The Milky Way is not a rare sighting in South Africa

The Milky Way has dominated the night skies throughout human existence, but due to light pollution, a third of humanity is unable to view this spectacle. For many people, the night sky has disappeared – 80% of Americans and 60% of Europeans cannot see the Milky Way. The privilege of seeing our home galaxy is one that South Africans perhaps take for granted – but for many visitors, it is a beautiful and rare sight to behold. 

While astronomical tourism is on the rise and International Dark Sky Places is increasingly encouraging countries to recognise and preserve the night sky, to date only one site in South Africa – the historic !Ae!Hai Kalahari Heritage Park south of the Kgalagadi Transfrontier Park – has been certified as an International Dark Sky Sanctuary.

We know that South Africa has many more sites with the potential to be certified with the International Dark Skies designation, and while we get that paperwork in order, let’s promote the fact that you are guaranteed to see the Milky Way when you visit South Africa.

The delightful diversion of dirt roads

Road-tripping in your own travel bubble has seen heightened interest as people rediscover the joy of the open road. South Africa’s road network is well developed, with good tar roads to all major tourist sites. Its dirt roads take you through spectacular scenery and to out-of-the way unusual spots. But have we considered that the dirt road is something to market?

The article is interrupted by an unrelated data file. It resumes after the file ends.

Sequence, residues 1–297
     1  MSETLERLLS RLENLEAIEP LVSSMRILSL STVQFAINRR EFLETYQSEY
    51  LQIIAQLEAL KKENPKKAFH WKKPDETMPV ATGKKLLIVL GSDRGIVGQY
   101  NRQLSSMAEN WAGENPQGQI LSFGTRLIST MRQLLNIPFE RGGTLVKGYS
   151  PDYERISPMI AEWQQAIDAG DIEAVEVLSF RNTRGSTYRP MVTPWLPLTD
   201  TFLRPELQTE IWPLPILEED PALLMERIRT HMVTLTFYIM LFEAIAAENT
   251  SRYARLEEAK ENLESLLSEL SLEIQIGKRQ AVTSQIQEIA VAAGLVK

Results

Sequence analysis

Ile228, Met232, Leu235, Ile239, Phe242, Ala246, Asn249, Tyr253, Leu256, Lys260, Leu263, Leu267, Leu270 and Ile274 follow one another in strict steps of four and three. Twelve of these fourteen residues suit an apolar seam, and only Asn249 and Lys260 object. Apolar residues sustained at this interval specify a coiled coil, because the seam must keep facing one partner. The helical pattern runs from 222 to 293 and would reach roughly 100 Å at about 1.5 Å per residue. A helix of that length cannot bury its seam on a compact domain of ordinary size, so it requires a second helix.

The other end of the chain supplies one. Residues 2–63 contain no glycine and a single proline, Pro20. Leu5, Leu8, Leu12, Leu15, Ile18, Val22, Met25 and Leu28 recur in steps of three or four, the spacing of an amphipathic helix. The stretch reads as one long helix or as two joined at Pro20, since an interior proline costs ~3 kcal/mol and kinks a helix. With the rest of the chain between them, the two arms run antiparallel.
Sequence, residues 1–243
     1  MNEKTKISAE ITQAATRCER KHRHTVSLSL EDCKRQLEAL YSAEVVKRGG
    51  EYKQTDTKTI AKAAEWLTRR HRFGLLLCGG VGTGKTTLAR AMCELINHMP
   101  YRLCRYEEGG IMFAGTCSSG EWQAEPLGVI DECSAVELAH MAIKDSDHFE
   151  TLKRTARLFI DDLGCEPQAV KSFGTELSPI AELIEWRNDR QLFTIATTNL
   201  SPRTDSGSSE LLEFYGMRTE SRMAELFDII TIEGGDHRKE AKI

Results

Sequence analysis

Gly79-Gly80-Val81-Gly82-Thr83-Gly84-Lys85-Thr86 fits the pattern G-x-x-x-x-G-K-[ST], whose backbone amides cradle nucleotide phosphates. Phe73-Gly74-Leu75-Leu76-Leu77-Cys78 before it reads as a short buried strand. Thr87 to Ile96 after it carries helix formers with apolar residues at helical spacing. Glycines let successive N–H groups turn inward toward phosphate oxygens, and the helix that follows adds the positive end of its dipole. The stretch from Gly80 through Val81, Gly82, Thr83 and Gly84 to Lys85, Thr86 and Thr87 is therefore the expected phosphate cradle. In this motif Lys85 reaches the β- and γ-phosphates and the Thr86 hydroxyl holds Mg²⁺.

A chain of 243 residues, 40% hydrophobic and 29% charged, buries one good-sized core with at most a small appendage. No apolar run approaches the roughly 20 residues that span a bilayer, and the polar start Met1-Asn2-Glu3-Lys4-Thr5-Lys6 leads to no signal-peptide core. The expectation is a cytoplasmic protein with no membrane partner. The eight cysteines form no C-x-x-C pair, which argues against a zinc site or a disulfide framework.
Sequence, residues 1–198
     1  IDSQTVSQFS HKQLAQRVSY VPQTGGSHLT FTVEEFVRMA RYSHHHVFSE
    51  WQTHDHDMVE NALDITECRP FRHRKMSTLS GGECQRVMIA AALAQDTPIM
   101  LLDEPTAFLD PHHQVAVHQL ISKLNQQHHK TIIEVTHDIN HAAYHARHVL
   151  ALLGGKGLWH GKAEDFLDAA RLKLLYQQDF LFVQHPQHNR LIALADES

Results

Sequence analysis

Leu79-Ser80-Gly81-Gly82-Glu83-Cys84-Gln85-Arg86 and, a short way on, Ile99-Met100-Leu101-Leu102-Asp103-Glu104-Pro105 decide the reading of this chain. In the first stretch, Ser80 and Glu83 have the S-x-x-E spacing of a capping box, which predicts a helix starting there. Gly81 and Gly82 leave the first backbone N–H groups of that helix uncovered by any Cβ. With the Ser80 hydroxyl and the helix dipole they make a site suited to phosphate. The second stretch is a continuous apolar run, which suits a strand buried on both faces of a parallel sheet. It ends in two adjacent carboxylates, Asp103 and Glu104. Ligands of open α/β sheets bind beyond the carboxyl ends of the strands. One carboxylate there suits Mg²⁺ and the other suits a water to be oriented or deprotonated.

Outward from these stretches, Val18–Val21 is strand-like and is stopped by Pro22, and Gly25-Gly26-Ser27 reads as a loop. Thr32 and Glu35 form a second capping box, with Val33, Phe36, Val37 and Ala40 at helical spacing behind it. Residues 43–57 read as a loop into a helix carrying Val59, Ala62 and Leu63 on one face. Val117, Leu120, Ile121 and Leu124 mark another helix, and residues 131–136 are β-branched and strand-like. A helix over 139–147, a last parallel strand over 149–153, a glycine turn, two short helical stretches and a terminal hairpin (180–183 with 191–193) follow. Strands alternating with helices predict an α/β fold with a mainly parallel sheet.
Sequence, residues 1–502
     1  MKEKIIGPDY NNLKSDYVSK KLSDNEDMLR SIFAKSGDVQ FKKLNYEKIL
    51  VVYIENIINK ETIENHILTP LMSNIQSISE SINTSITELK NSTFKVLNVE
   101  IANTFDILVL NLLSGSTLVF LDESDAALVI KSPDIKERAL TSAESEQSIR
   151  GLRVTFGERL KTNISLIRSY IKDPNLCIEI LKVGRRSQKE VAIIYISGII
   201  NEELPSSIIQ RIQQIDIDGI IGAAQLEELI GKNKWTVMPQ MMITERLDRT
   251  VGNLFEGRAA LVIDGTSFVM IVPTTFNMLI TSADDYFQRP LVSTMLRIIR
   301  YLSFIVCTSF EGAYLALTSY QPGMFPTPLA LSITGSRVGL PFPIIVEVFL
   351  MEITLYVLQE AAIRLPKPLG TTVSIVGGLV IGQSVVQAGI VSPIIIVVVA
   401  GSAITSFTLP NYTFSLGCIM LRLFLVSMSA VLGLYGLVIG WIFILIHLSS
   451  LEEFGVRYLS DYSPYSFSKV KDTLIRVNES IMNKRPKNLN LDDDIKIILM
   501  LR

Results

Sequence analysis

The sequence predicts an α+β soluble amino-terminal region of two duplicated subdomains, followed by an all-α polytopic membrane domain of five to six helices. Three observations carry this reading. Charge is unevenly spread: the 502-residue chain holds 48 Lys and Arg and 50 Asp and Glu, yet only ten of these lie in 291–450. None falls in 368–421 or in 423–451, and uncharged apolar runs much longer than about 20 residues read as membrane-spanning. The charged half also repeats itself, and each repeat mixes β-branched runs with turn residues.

How many of our key source markets ever get the opportunity to drive on a dirt road? CNN voted Route 62 through the Klein Karoo one of the world’s top 10 road trips, but many travellers may never have experienced driving on dirt roads before.

Quiet spaces as a resource in a noisy world

Quiet spaces are vanishing rapidly as our increasingly urbanised world gets ever noisier. Quiet spaces are not necessarily silent spaces, but spaces where the sounds of nature can be heard again – birdsong, insects, leaves falling or the sound of walking through long grass.